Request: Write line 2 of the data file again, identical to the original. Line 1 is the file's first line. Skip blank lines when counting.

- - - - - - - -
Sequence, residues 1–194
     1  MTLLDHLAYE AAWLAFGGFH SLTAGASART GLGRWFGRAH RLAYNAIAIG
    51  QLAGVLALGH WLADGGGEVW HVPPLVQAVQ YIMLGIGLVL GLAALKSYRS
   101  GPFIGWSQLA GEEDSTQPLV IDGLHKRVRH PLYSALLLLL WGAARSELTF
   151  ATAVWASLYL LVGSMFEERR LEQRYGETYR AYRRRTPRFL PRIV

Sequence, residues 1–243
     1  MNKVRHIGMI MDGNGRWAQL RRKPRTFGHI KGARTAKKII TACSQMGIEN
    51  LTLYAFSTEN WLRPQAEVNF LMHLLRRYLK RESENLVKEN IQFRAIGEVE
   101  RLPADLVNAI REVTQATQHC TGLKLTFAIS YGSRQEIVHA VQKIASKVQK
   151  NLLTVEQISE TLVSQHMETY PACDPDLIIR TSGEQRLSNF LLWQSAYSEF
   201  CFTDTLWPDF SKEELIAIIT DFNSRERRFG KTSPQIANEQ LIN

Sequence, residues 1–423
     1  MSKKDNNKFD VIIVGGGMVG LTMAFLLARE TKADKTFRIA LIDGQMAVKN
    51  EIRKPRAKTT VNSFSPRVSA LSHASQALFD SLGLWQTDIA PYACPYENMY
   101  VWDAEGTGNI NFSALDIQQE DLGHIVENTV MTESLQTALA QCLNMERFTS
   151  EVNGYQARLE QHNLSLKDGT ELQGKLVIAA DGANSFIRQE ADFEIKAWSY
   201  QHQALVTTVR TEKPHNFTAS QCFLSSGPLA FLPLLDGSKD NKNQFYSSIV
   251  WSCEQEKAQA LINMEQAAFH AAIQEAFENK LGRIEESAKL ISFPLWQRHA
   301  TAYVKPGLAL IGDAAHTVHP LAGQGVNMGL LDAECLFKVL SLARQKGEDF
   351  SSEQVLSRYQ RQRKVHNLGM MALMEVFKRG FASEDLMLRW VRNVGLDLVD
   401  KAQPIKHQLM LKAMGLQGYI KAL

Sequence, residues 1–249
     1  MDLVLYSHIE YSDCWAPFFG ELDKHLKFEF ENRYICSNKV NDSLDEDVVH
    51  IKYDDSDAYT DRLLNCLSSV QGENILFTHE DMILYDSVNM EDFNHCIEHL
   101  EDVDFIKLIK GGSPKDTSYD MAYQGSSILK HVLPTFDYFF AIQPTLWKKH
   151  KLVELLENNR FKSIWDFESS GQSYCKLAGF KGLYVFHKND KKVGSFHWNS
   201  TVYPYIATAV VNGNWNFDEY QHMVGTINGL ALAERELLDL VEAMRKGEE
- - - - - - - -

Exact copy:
     1  MTLLDHLAYE AAWLAFGGFH SLTAGASART GLGRWFGRAH RLAYNAIAIG